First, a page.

(CNN)A winter storm pummeled the Hawaiian islands early Monday, bringing gusty winds, squally rain, high surf and even snow at a state park.
Strong winds knocked down trees and branches on roadways and structures and tore down traffic lights and power lines, causing power outages. The winds could potentially damage roofs and poorly built structures, forecasters say. The powerful winds and a high surf closed some roads and parks.Hiro Toiya, director of the Honolulu Department of Emergency Management, urged “extra caution driving.””Conditions are windy and we do have trees and utility poles and other objects falling onto the street,” he saidRead MoreHawaii Electric Light said that “due to unsafe weather conditions, crews will resume work when safe to do so. Mahalo for your patience.”
RT @MauiElectric: 720p #MauiOutage update: Customers in Olinda and Piiholo area as well as parts of Haiku along Kokomo Rd and Kauihikoa Rd should d prepare for an extended outage with the possibility of an overnight outage. https://t.co/gYFlUfp8jS pic.twitter.com/OnIiiq9VeJ #hiwx
Officials at the state Department of Land and Natural Resources reported snow falling at the Polipoli State Park in Maui, and snow is forecast in some other areas as well.“For perhaps the first time ever, snow has fallen in a Hawai’i State Park. Polipoli State Park on Maui is blanketed with snow. It could be the lowest elevant snow ever recorded in the state. Polipoli is at 6,200 feet elevation,” the DLNR said.Snow on the ground in Polipoli Spring State Recreation Area in Kula, Hawaii on the island of Maui.Wind advisories in effectCNN Meteorologist Monica Garrett said winds will diminish and weather conditions will improve throughout the day as the “low moves northeast of the area.””A band of enhanced moisture is expected to move through Tuesday night and Wednesday as the trade winds begin to return, increasing shower coverage and intensity once again.”The National Weather Service in Honolulu issued a wind advisory in effect until noon HST (5 p.m. ET). An advisory means that “sustained winds of at least 30 miles per hour or gusts of at least 50 mph are expected. Motorists should use extra caution.”On Sunday, wind speeds were recorded at 25 to 40 miles per hour and there were reports of wind speeds above 50 and 60 mph. Speeds in Port Allen in Kauai County were as high as 67 mph and 191 mph at Mauna Kea Summit in Hawaii County.A high wind warning was in effect for the Big Island summits until 6 p.m. HST (11 p.m. ET) Tuesday. That means winds are expected to be at least 40 mph with gusts over 60 mph in these higher elevations.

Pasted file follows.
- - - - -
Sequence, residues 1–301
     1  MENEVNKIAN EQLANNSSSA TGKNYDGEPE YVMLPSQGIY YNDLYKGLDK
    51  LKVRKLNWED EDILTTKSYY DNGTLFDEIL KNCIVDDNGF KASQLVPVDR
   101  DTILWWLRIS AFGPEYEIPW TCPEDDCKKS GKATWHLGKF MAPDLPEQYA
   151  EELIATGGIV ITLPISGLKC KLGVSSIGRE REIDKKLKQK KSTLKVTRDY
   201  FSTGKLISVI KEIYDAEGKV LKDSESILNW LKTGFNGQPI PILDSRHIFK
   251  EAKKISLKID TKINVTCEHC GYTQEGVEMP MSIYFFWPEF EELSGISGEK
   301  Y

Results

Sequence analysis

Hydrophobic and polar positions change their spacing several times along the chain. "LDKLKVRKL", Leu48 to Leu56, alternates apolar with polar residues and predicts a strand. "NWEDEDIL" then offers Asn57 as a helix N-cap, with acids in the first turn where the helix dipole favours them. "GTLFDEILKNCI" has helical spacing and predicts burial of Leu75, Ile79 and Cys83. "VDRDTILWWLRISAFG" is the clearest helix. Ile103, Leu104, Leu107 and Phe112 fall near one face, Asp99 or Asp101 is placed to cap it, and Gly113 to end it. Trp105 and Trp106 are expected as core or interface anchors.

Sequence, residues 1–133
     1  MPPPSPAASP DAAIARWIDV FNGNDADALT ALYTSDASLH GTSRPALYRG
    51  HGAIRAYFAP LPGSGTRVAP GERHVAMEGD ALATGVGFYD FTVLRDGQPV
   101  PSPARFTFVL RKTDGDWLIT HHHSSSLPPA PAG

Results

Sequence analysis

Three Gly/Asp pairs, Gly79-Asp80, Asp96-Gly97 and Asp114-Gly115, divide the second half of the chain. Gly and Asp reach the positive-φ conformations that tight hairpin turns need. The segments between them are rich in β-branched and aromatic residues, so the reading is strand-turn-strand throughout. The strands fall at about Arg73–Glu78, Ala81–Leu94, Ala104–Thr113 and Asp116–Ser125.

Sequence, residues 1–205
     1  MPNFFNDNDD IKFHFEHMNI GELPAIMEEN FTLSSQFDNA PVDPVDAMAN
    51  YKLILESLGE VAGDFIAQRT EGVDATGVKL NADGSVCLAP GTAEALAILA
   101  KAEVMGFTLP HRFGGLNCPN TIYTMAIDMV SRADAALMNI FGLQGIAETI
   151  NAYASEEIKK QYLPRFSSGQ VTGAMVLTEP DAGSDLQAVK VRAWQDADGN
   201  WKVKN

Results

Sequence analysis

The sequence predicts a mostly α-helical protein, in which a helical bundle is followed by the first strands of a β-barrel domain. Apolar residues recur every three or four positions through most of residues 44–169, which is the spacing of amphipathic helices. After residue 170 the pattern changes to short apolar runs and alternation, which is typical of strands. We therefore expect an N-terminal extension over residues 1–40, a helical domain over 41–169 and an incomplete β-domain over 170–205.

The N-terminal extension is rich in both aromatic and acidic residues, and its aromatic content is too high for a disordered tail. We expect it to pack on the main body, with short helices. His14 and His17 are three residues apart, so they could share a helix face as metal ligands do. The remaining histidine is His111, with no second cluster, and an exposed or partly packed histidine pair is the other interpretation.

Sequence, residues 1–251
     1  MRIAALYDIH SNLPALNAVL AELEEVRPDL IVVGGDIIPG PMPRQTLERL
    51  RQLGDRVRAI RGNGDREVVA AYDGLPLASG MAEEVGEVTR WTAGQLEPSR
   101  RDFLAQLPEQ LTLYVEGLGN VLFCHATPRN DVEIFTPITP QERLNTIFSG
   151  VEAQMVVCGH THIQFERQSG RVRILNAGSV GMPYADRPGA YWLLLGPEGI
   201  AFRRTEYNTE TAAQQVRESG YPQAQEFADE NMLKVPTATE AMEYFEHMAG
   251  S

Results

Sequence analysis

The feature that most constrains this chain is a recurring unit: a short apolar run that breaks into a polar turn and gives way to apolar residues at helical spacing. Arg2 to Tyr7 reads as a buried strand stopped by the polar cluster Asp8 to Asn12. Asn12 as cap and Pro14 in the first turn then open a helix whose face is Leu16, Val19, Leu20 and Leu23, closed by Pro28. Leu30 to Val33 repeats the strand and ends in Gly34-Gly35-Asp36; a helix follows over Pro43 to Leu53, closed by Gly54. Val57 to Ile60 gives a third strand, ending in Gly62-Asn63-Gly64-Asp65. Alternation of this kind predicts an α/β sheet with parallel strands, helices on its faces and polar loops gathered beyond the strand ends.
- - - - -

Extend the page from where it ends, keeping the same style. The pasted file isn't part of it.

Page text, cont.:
We know some customers have been without power most of today and into tonight. Extra crews are on the job and more will be called out in the morning. We are working to get your power back on as soon as we can. Thank you for your patience and understanding. #BigIslandOutage
— HawaiiElectricLight (@HIElectricLight) February 11, 2019 Evacuation shelters opened in some areas but falling branches closed the Honolulu Zoo, Honolulu Mayor Kirk Caldwell said. Beaches and parks are also closed.At the zoo on Sunday, a tree collapsed on an enclosure holding two African ground hornbills. The birds escaped, CNN affiliate KNHL reported, citing city officials.
— Hawaii News Now (@HawaiiNewsNow) February 11, 2019 At Kapiolani Park in Honolulu, strong winds uprooted kiawe trees said to be nearly a century old, according to KNHL.In Oahu’s North Shore on Sunday, coastal flooding occurred because of the “huge storm surf,” KNHL reported.